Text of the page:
Friday, September 27, 2013

Profile Spotlight: Ignacio Quiles of QP & Monty

“You might have to take a risk. This guy, he’s designing these half vests with inverted patterns. I’m not a big fan of them, but he’s taking a risk,” said Ignacio Quiles, co-owner and founder of the haberdashery, QP & Monty. He holds out the vests for me to see. Singlehandedly, that one piece of clothing makes as much of a statement as the vintage store its perfectly housed in.

I’m in the West Village, on the corner of Perry Street, in a quaint little store with a front window display filled with plaid suits and an eccentric mix of jewels. Walking in instantly felt as if I’ve stepped into an old film noir, a welcoming sense of familiarity and comfort. Dim mood lighting set the tone as I shifted through the clothing racks filled with men’s pinstripe sport jackets, sharp button-down shirts, and vests of all colors and patterns. Old-fashioned cabinets and a display case filled with decadent jewels and home décor line up as the back cash wrap. Later I learn the jewels are sold as Quiles noticed men often bring their girlfriends or wives while shopping. "They need something to do. I have sisters. They used to love bracelets and earrings," he said. The walls, covered with antique frames, American flags, and men’s ties seem to be existent over a century ago. To much of my surprise, QP & Monty's storefront officially started just three years ago.

And so the story began.

Ignacio Quiles is cleaning up around the store; tidying up the display cases, changing the pieces on the mannequin. It’s 8pm, and he is getting ready to close another day at the store. With a top hat, round specs, scruffy beard, sharp plaid three piece suit, button-down shirt, a snazzy tie and clip, and a classic pair of loafers, his sartorial style matches his personality; bold. Quiles knows exactly what he wants. Maybe it’s the fact that he has gained years of expertise in fashion, having been surrounded by clothing all through his life. Growing up in Spanish Harlem with a mother as a seamstress, he learned to sew at a young age. With previous jobs in designing and grading in New York’s Garment District, he ventured into the food industry, but never lost sight of his goal to own a menswear store. For five years, Quiles juggled the life as a restaurant consultant while selling vintage pieces on the weekends when he realized he could make a living out of it. Eventually, he saved up enough money to start and “take a leap of faith.”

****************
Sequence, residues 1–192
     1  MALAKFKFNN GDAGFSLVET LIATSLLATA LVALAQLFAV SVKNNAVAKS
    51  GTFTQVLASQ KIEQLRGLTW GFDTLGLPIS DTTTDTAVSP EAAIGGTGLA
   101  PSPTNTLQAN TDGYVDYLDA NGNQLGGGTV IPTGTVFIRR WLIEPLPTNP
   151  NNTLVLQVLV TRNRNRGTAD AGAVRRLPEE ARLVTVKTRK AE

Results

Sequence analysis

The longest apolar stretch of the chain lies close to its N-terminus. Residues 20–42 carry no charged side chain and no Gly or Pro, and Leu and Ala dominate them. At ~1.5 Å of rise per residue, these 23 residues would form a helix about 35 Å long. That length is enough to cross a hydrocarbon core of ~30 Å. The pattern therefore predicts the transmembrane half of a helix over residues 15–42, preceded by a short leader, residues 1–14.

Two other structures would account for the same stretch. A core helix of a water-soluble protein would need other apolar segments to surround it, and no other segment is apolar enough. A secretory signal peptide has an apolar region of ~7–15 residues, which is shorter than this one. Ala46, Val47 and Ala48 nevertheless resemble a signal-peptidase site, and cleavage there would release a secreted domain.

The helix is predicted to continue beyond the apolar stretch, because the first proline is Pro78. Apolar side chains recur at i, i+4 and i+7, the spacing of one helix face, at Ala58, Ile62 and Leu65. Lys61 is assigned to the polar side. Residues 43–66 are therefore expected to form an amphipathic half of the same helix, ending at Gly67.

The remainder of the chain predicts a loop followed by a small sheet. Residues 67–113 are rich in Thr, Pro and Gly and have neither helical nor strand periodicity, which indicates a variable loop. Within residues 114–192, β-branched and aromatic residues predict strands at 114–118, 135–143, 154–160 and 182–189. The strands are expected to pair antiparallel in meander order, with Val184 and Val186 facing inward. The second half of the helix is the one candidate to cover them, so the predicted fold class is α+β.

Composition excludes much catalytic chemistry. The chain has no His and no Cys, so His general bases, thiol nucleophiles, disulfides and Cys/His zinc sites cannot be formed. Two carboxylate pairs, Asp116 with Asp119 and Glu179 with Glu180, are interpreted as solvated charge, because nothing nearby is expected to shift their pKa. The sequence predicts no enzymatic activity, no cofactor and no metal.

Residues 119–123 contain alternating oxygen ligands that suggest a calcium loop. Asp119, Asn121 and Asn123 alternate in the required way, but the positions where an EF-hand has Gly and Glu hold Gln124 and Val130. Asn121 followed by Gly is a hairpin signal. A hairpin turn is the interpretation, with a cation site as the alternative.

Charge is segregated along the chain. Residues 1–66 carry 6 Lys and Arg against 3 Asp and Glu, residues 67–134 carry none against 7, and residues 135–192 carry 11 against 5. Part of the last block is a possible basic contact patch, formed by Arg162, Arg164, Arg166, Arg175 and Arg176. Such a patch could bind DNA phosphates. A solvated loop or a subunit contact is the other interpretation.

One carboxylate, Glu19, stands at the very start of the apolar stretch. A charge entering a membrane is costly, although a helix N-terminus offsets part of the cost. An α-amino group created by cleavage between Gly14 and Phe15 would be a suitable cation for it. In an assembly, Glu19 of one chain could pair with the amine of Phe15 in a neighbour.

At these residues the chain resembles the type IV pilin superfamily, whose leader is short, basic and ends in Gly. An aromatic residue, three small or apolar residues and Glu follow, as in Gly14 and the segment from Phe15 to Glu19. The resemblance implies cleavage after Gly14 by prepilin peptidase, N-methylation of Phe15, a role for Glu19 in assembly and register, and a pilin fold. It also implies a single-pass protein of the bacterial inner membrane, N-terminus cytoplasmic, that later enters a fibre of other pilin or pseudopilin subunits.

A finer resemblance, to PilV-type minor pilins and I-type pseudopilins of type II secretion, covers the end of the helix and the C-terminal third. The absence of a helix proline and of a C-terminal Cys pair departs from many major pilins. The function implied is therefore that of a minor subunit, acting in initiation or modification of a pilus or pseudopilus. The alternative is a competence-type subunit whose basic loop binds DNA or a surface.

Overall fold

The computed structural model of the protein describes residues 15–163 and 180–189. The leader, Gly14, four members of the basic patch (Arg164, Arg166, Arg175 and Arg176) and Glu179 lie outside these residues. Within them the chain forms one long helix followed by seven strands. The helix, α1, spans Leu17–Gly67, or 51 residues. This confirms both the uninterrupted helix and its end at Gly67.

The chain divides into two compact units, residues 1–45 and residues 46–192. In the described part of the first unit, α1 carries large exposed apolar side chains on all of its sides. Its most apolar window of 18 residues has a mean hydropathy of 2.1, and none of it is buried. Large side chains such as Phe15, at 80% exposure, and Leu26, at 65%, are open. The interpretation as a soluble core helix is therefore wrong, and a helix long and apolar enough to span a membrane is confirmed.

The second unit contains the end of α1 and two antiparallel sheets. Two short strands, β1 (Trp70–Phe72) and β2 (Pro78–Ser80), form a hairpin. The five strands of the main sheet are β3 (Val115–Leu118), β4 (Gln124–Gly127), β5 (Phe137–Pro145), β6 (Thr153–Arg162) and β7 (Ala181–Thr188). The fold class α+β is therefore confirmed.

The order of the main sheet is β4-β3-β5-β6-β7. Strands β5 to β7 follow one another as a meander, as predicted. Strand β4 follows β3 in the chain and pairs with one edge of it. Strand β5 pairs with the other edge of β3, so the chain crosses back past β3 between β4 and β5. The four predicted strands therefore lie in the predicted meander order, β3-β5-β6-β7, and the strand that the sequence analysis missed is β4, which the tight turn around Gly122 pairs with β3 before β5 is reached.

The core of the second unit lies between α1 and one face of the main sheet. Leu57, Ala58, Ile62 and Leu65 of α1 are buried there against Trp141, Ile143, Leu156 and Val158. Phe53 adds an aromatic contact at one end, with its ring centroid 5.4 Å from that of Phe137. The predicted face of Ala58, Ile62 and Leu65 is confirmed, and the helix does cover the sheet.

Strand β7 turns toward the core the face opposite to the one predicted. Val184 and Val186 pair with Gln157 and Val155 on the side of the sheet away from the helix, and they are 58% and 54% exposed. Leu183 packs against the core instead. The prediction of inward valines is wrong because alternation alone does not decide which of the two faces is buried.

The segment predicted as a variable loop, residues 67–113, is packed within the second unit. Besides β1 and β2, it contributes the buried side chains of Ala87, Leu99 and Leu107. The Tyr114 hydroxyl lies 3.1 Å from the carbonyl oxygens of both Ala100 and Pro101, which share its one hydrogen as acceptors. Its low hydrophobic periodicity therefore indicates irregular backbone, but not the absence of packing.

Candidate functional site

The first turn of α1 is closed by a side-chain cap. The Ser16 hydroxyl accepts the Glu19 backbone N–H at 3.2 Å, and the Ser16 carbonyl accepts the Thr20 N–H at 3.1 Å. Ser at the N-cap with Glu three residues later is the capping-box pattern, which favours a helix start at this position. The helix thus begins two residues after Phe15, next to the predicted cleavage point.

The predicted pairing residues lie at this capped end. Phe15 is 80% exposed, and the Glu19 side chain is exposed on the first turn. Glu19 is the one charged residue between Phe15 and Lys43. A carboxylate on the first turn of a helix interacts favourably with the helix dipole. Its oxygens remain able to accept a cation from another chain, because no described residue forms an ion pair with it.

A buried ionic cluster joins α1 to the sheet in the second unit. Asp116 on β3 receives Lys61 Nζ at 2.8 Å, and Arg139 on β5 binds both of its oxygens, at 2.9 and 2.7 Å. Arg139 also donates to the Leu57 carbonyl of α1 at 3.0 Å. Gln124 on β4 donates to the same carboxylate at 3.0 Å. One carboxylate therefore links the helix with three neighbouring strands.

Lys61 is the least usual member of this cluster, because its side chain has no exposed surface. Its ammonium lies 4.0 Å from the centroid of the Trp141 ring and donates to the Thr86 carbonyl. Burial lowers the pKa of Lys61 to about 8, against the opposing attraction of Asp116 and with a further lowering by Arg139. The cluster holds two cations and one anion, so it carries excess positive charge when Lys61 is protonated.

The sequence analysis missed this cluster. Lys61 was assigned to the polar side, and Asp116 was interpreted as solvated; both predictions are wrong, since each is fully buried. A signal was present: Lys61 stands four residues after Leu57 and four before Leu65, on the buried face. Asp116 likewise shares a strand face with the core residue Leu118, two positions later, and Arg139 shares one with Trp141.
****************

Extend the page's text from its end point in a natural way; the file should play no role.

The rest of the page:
The name, QP & Monty, has a meaning close to Quiles’ heart. Q is for his last intial, P is for his lovely girlfriend and the store’s co-owner, Pamela Moore’s first initial. Monty is the name of their adored rescued dog, who, by the way is currently home eating bananas. “We started as QP & Monty, the original concept of the store was to do vintage and everything. This evolved because I had a passion for menswear. I have always had a passion for menswear. As we were moving forward, the menswear market had become more available,” Quiles said. The evolution to the present day West Village haberdashery started off in a flea markets, pop up shops, and a tiny Brooklyn warehouse. Then for a year, he was featured in an unscripted series, “Failure Club”, which aired on Yahoo. The challenge to build a business in a year was accomplished.

There’s something very real to the way Quiles speaks. His feelings are shown on the heart of his blazer's sleeve. It's honest and raw, starting off is the hardest part. Looking back at when he first sourced merchandise, “I bought them from all over the country. When you get into the business, you realize that you have to be very resourceful. You call people, you contact people. And then going out to ask someone and say hi guys, I’m here. How do you do this?” 

At the end of the day, the profit is passion. "You have to be creative, you may have to tell your story over and over, but never giving up is key. I don’t care if you’re 90 years old, you can learn from young people. You can learn from older people. Knowledge doesn’t have an age, it is what it is. People get all caught up in this stuff,” said Quiles. And for him, managing QP & Monty is one job he has in addition to styling, wardrobe consulting, designing the apparel line, Sartorial Pairings, restaurant consulting, as well modeling and television appearances. Now I see the spark in his vision; the jigsaw pieces of the puzzle all match together. But somehow, there are no specific amount of pieces in the box and that’s the beauty of it. Bizarre; just like the half vest.

Note QP & Monty is temporarily closed while a new location is in the works. Appointments are available by email, or phone, 917-524-7305.

Photo Credits: By Andre' D. Wagner of

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